A Step-by-Step Guide to Filing a Car Accident Claim With an Insurance Company

The Aftermath of a Car Accident in IllinoisIt can be difficult to know what to do first after a car accident, especially if you or one of your passengers has suffered a serious injury. Unfortunately, victims who are overwhelmed by the effects of a crash may make mistakes during the filing of their insurance claims, mistakes that the insurance company then uses to deny them the recovery they desperately need.

Our Illinois car accident attorneys have provided some key tips on filing car accident claims to help victims get the best possible resolution to their claims—as well as steps to take when an insurer is not providing enough to cover the full amount of losses.

What to Consider Before Filing a Car Accident Insurance Claim

After you have sought emergency medical care (which you should always do first!), you will need to notify your car insurance company of the accident. Many insurers allow claims to be filed online or even via mobile phone, often with just a few initial pieces of information. While this may be convenient, it is important to provide only information that is necessary to process the claim.

The Insurance Company Will Need the Following Information:

  • Your insurance policy number
  • The date, time, and location of the accident
  • The name and insurance information of the other driver
  • The name of the local police department that responded to the scene
  • The police report number

Some insurers may ask you to provide a description of how the accident occurred. Since the insurance company can use anything you say when determining the value of your claim, it is best to be as brief as possible and provide only the facts of the crash, such as which side of your vehicle was struck and how many people were in the car.

How a Car Accident Claim Works

Once your car insurance company receives your claim, an adjuster will be assigned to your case. The adjuster will perform an investigation on behalf of the insurance company, and compare your losses with the specific coverage included in your policy.

Before Issuing Payment, the Insurer Will Consider Many Factors, Including:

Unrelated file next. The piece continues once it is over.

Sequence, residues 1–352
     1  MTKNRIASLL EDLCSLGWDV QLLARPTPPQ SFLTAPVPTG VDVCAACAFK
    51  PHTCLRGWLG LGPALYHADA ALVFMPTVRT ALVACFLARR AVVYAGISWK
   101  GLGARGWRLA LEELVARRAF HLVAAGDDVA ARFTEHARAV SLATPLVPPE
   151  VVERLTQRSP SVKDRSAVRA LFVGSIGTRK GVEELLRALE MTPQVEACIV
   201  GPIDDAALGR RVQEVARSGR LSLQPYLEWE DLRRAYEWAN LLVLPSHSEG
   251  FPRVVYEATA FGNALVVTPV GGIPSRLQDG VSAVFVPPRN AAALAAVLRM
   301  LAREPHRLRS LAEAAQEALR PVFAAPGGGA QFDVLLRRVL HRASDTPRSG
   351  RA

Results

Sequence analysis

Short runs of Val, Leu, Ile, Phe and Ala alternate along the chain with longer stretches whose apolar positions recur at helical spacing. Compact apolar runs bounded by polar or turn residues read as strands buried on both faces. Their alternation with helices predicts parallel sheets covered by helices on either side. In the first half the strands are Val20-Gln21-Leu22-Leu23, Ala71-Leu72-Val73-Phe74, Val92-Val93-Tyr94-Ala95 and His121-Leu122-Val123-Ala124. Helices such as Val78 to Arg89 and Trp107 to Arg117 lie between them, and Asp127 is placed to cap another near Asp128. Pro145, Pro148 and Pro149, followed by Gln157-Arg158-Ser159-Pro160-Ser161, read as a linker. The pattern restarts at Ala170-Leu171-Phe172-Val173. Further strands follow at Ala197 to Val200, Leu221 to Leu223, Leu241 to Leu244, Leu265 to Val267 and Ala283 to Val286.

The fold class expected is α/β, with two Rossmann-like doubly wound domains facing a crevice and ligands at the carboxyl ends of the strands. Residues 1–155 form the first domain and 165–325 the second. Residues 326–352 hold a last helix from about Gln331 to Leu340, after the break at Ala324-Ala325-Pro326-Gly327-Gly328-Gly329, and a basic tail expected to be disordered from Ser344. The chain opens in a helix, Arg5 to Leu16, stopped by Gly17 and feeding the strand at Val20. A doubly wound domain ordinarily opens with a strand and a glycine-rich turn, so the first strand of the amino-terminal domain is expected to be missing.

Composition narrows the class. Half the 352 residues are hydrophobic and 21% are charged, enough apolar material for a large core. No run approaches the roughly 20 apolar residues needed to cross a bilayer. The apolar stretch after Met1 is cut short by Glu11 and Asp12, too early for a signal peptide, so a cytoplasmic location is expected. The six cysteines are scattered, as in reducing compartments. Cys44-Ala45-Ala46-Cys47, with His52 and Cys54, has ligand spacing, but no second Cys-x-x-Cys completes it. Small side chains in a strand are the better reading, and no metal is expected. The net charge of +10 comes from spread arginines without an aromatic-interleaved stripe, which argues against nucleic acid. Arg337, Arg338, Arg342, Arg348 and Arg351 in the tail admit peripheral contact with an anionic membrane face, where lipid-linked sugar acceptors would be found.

• Fault. The insurer will only pay for damages if they are required to do so by state law. For example, Missouri is a “fault” car accident state, so many injuries and property damage are paid for by the at-fault driver’s insurance company. While Illinois is also a “fault” state, it follows a rule of comparative negligence—meaning a victim’s insurance payment may be reduced if he shares some responsibility for the accident.
  • Repair bills. If your car was damaged in the accident, the insurance adjuster may require you to get an estimate for repairs from a local body shop. Some adjusters may ask you to go to several different repair shops in order to compare quotes.
  • Medical costs. A car insurance company will only pay for medical costs of an injury that is directly related to the car accident. The insurer may ask you to sign a release form so that the company can see which medical treatments you are claiming.
  • Wage losses. If you are unable to work because of your injuries, the insurer will likely ask for proof of wage loss—such as pay stubs or doctors’ notes—before paying any amount for lost income.
  • Policy limits. An insurer will not pay more than the maximum amount of insurance that the driver has selected on the policy. In fault states such as Illinois or Missouri, injury victims are restricted to recovering an amount that they themselves have no power over. If an at-fault driver chose to purchase the minimum bodily injury coverage in these states, injury victims are limited to recovering $25,000 per person and only $50,000 per accident—an amount that may fall far short of actual injury costs.
  • Statements. An insurer may scrutinize the details to reduce payment for each aspect of your claim. If the police report noted that your tires were bald, a witness said that you were not using your signals, or your medical records showed a previous injury to the same part of the body, you may have to fight to get full value for your claim.

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A Car Accident Attorney Can File Your Claim For You

Given that the insurance company will do everything it can to deny or reduce your claim, it's vital that your claim is handled properly from the very beginning. Don't risk handling your claim on your own, contact the experienced car accident lawyers of Tapella & Eberspacher today. Complete the form on this page to request a free, no-obligation consultation to discuss the specifics of your case.